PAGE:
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Chapter 13

Digression on False Worship

A. Nature Worship[a]

Foolish by nature were all who were in ignorance of God,
    and who from the good things seen did not succeed in knowing the one who is,[b]
    and from studying the works did not discern the artisan;(A)
Instead either fire, or wind, or the swift air,
    or the circuit of the stars, or the mighty water,
    or the luminaries of heaven, the governors[c] of the world, they considered gods.(B)
Now if out of joy in their beauty they thought them gods,
    let them know how far more excellent is the Lord than these;
    for the original source of beauty fashioned them.(C)
Or if they were struck by their might and energy,
    let them realize from these things how much more powerful is the one who made them.(D)
For from the greatness and the beauty of created things
    their original author, by analogy, is seen.
But yet, for these the blame is less;[d]
For they have gone astray perhaps,
    though they seek God and wish to find him.
For they search busily among his works,
    but are distracted by what they see, because the things seen are fair.
But again, not even these are pardonable.
For if they so far succeeded in knowledge
    that they could speculate about the world,
    how did they not more quickly find its Lord?

B. Idolatry[e]

10 But wretched are they, and in dead things are their hopes,
    who termed gods things made by human hands:
Gold and silver, the product of art, and images of beasts,
    or useless stone, the work of an ancient hand.(E)

The Carpenter and Wooden Idols

11 A carpenter may cut down a suitable tree(F)
    and skillfully scrape off all its bark,
And deftly plying his art
    produce something fit for daily use,(G)
12 And use the scraps from his handiwork
    in preparing his food, and have his fill;
13 Then the good-for-nothing refuse from these remnants,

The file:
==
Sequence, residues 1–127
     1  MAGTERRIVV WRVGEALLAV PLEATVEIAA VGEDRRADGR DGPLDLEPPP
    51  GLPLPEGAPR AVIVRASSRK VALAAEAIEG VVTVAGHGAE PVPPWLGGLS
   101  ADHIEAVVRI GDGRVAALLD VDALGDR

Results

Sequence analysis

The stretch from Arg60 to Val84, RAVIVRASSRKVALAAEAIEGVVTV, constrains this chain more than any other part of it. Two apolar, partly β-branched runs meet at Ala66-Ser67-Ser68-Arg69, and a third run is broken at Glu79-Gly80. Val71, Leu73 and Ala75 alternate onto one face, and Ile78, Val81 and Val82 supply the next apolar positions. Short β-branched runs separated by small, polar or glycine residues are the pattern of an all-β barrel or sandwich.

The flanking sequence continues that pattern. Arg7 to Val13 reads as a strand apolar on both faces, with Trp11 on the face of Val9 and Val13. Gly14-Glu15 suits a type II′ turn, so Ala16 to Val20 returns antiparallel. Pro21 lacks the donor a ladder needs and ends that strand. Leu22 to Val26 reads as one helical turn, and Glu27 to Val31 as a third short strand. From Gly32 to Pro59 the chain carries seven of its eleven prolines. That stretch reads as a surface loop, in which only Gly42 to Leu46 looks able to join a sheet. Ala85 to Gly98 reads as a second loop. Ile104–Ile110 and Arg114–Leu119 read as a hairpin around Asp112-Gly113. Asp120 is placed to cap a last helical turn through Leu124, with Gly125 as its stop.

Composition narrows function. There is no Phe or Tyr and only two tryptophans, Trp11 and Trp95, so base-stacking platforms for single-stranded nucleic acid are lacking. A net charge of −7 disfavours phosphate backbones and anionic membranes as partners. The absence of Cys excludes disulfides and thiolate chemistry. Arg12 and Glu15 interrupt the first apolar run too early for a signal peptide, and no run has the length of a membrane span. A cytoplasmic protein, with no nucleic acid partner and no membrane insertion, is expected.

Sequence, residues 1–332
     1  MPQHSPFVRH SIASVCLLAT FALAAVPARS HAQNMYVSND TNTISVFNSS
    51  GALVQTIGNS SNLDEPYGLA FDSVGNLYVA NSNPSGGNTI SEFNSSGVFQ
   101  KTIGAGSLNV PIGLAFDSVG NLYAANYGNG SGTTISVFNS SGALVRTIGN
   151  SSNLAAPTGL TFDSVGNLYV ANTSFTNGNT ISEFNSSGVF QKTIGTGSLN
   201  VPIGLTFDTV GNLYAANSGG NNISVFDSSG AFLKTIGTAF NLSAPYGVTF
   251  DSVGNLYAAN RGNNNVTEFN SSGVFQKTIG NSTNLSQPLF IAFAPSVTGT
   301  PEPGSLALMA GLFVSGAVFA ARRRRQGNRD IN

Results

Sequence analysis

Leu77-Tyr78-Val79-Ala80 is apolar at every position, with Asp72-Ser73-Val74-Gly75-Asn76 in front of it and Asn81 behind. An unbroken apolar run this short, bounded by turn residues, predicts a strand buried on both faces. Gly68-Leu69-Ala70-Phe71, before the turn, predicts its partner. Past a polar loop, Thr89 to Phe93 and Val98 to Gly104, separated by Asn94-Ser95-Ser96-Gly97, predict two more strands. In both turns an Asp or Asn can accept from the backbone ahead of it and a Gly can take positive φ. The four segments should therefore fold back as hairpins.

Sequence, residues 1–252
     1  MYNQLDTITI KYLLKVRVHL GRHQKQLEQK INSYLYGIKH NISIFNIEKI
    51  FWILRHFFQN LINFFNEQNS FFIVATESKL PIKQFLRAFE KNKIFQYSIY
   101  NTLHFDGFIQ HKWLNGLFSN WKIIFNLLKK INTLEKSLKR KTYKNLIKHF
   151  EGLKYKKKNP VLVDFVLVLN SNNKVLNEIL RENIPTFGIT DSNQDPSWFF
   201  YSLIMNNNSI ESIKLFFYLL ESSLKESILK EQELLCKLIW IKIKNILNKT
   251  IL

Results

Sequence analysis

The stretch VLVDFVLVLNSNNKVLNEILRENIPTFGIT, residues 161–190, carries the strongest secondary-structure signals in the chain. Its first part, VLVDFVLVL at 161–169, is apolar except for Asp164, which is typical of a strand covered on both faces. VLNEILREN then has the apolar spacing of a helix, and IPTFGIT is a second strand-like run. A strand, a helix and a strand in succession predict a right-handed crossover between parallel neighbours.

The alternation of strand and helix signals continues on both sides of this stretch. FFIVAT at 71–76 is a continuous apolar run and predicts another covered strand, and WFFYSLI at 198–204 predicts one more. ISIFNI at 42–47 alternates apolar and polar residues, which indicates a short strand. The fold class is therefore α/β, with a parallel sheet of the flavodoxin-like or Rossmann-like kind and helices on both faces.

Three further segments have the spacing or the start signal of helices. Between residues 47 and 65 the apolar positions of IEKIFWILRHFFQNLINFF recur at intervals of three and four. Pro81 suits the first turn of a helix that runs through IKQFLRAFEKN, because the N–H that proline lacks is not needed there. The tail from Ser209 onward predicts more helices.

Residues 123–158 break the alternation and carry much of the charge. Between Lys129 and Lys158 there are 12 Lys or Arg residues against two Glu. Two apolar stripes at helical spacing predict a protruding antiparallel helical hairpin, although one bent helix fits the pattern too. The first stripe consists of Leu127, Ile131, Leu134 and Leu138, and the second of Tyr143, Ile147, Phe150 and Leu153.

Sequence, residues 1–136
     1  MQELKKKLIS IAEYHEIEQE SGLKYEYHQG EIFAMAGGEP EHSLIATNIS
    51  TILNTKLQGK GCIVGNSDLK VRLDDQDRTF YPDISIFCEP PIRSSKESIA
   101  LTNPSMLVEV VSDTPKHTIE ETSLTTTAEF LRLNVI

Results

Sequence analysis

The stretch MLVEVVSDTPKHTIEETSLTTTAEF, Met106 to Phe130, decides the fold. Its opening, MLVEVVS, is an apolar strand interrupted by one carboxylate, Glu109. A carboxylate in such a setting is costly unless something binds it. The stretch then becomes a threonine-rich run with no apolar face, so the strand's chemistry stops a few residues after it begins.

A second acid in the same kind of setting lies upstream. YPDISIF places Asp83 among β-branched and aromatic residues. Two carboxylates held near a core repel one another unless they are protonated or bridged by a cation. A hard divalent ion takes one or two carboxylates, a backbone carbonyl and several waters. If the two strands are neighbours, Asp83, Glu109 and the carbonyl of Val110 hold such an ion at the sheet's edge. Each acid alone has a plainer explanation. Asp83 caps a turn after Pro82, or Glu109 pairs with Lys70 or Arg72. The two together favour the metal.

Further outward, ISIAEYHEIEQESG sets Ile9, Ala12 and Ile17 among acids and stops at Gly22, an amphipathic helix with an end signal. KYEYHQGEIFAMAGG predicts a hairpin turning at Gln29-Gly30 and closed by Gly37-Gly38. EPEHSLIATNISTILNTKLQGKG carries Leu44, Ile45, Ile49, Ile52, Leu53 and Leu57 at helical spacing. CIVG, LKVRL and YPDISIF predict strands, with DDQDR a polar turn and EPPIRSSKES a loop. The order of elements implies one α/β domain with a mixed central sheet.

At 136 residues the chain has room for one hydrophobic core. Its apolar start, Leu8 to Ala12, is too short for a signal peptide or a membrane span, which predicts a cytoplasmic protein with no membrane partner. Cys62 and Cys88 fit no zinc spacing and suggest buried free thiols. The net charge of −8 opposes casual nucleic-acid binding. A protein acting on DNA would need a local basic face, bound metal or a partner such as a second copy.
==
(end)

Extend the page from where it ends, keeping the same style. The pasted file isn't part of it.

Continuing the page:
crooked wood grown full of knots,
    he takes and carves to occupy his spare time.(H)
This wood he models with mindless skill,
    and patterns it on the image of a human being
14     or makes it resemble some worthless beast.
When he has daubed it with red and crimsoned its surface with red stain,
    and daubed over every blemish in it,(I)
15 He makes a fitting shrine for it
    and puts it on the wall, fastening it with a nail.(J)
16 Thus he provides for it lest it fall down,
    knowing that it cannot help itself;
    for, truly, it is an image and needs help.(K)
17 But when he prays about his goods or marriage or children,(L)
    he is not ashamed to address the thing without a soul.
For vigor he invokes the powerless;
18     for life he entreats the dead;
For aid he beseeches the wholly incompetent;
    for travel, something that cannot even walk;
19 For profit in business and success with his hands
    he asks power of a thing with hands utterly powerless.


  1. 13:1–9 The author holds a relatively benign view of the efforts of the philosophers to come to know God from various natural phenomena. This is not a question of proving the existence of God in scholastic style. The author thinks that the beauty and might of the world should have pointed by analogy (v. 5) to the Maker. Instead, those “in ignorance of God” remained fixed on the elements (v. 2, three named, along with the stars). His Greek counterparts are not totally blameless; they should have gone further and acknowledged the creator of nature’s wonders (vv. 4–5). Cf. Rom 1:18–23; Acts 17:27–28.
  2. 13:1 One who is: this follows the Greek translation of the sacred name for God in Hebrew; cf. Ex 3:14.
  3. 13:2 Governors: the sun and moon (cf. Gn 1:16).
  4. 13:6 The blame is less: the greater blame is incurred by those mentioned in v. 10; 15:14–16.
  5. 13:10–19 The second digression is an example of the polemic against idolatry (cf. Is 44:9–20; Jer 10:3–9; Ps 135:15–18). Whether the idols be of wood or clay, they were made by human beings and have become the source of evil.